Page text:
The Hold Steady will begin writing material for their sixth album over the next few months. But Craig Finn, the band's lyricist, has probably been writing that material for a long time. As any good writer knows, the key to become a good writer is daily practice, just like the key to being good at anything is practice. So Finn makes a point to write every day in his journals. Though he tries to write a song each day, a lot of what he writes is reflection: what he did that day, his thoughts on the movie he saw, or what he thinks about the book he just read. When he does write a song, he does what good writers do: he lets it sit for a while, untouched, then comes back to it later when he has a new perspective.
The Hold Steady just began a short tour, so check them out. And read my interview with Craig Finn after the video to learn all about his songwriting process.
I've always written in notebooks, even stuff as simple as what I did today or what I have to do today. Or I might write about what I thought of the movie I saw the night before. It's important for me just to put pen to paper. For the songs, of course, I'll scribble down lyric ideas, just as long as I fill a couple of pages a day. Tad writes the music by and large, so he shows me what he has, and I then look through my notebook to see what works with what he's given me. And we make it fit.
A few years back I had an epiphany. A friend of mine, Tom Ruprecht, was a writer om Letterman. He told me how he hates movies that depict a writer with writer's block, just sitting there with a blank cursor or a blank page. He says, "That would be nice, but my show is going on the air at 11:30, so I need to write a show, and then I need to make it good." That really stuck with me, so I try to write a song every day, and I try to make it good after that, though most of it is terrible when it first comes out.
But I try to write one song a day, Monday through Friday, then put it aside and let it rest for a few weeks. Then I look at it again. Some are still bad, and I'll throw them out. But some are good, and those are the ones I work with. It leads to much better results than just sitting around and waiting for it to hit you. I've become a big believer in just putting stuff down, editing it, and coming to it with a new perspective, seeing it in a new way.
It sounds like when you are writing every day, you're journaling and not necessarily writing something with the goal of it becoming a song. You just believe that any type of writing will make you a better writer.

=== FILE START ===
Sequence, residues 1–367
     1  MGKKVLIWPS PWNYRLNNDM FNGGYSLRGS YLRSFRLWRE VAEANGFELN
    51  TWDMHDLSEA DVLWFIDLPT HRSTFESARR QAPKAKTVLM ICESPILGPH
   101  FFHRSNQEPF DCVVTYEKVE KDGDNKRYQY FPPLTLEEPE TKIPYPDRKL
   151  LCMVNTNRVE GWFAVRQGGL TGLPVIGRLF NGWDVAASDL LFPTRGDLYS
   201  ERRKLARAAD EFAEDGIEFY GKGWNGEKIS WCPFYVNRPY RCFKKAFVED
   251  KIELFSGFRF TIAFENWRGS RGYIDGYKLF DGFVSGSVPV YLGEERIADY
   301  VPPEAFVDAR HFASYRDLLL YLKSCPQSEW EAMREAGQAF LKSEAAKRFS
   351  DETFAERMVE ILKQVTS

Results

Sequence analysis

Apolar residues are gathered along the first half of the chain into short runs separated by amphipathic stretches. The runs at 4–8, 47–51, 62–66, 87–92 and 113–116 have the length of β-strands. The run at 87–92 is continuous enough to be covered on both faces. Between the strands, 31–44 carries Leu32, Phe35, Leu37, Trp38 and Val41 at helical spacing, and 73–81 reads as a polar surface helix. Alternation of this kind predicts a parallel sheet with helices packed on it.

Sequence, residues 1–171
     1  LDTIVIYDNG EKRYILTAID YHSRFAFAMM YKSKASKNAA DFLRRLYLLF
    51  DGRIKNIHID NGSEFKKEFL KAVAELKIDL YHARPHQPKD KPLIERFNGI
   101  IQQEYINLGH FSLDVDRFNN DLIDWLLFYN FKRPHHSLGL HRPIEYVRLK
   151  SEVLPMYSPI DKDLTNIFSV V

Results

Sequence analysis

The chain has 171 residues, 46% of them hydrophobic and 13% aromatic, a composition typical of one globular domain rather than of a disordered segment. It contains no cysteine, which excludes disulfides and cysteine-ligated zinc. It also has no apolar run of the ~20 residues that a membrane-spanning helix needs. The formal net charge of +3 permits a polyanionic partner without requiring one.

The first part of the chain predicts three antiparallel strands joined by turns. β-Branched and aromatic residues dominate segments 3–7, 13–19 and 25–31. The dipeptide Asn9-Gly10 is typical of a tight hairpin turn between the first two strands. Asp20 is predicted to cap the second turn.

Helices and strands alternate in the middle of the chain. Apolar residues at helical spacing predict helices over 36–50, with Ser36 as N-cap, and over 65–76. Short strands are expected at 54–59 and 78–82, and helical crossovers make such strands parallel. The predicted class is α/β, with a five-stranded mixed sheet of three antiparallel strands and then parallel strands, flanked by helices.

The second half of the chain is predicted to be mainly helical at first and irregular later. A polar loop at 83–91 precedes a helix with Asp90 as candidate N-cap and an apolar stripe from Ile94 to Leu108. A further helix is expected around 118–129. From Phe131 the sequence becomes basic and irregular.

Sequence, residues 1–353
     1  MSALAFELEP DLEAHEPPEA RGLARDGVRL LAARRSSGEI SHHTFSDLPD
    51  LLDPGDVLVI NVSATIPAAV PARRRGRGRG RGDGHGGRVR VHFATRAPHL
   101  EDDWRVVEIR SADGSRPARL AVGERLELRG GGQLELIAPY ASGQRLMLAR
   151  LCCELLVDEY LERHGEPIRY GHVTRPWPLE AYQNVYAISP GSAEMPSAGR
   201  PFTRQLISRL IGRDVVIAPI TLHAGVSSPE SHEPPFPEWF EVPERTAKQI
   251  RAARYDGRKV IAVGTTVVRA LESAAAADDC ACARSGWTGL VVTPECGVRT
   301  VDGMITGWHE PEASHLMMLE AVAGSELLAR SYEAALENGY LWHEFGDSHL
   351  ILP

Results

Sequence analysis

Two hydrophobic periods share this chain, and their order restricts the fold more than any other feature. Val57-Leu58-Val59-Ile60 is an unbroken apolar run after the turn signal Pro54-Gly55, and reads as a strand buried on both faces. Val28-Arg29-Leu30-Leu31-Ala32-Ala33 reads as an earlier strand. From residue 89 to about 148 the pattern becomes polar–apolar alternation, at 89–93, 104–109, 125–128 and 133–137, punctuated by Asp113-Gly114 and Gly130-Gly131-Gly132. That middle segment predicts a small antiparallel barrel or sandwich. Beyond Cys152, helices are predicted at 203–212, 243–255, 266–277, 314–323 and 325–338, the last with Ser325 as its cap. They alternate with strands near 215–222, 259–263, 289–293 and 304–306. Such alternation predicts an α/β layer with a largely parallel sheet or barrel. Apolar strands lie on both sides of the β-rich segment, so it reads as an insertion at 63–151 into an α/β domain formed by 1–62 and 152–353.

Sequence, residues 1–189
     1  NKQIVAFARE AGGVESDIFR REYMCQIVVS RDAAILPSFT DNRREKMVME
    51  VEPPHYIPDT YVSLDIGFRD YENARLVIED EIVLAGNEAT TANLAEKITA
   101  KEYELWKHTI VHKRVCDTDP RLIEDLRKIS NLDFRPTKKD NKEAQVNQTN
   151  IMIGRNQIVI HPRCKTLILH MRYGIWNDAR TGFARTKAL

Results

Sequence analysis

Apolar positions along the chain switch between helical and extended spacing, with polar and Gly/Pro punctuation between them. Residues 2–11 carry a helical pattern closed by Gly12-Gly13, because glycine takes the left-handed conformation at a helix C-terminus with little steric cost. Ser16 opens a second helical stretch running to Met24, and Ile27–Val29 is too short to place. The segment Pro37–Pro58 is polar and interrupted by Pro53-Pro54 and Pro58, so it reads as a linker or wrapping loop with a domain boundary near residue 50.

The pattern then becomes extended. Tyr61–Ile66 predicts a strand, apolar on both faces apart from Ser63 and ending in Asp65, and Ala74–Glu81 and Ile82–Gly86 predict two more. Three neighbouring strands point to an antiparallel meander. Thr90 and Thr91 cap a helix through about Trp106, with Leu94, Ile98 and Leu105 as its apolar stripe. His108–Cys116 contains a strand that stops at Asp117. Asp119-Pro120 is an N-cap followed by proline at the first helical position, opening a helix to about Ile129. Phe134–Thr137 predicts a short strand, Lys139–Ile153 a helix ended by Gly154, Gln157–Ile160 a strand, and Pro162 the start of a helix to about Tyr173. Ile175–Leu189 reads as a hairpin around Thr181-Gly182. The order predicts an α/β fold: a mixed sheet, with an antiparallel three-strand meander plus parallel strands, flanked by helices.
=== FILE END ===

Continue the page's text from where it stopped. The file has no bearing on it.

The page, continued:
I have my notebook right here, and there are to do lists, errands, and lyrics scrawled on the next page. And when Tad comes in, I'll look for some cool stuff and start moving things around. But more recently, within the past 18 months, I've started to become more disciplined when it comes to writing entire songs, or at least four stanzas of lyrics every day.
Do you try to carve out time every day, or do write when you have the time?
I tend to write when I have the time. Ideally, there is one time I like to do it, which is late morning. I just try to make sure to do it.
It's important to understand that, if you write every day, most of what you write is crap, but that even writing bad stuff will make you a better writer eventually.
Yeah, you're never going to bat one thousand. It's like anything else you do. I've come to a conclusion that it's really arrogant to think otherwise.
Some poets and novelists think that writer's block is a myth. I interviewed the short story writer Anthony Doerr, who calls it "a failure of courage." He says that you cannot be afraid to write badly. And others think it's arrogant to assume that what you have to say is really that important.
And it's arrogant to say, "When it's good, it will come to me, and I don't need to work at it."
When you are struggling, what do you do? A lot of writers walk away, but others, and this includes songwriters, tend to put other writers' voices in their heads, which frees them.
That's exactly what I do. I read. Read and pay attention to other artists, which might include listening to music. What does Bob Dylan do? What does Philip Roth say? Having another voice in my head gives me a spark. The great moment of taking in any art form is when you as the audience can say, "Yeah, I've felt that way too." So I try to find those moments in some other art form as I take it in. It can even be a painting for me.
How active are you in the inspiration process when it comes to seeking out song ideas? Would you say you're pretty active?
Yeah, that's why when I list when I want to get get done every day, I always list reading and writing. Reading 25 pages of a novel can be as helpful as putting in an hour or two of writing.
Do you go places to get inspired?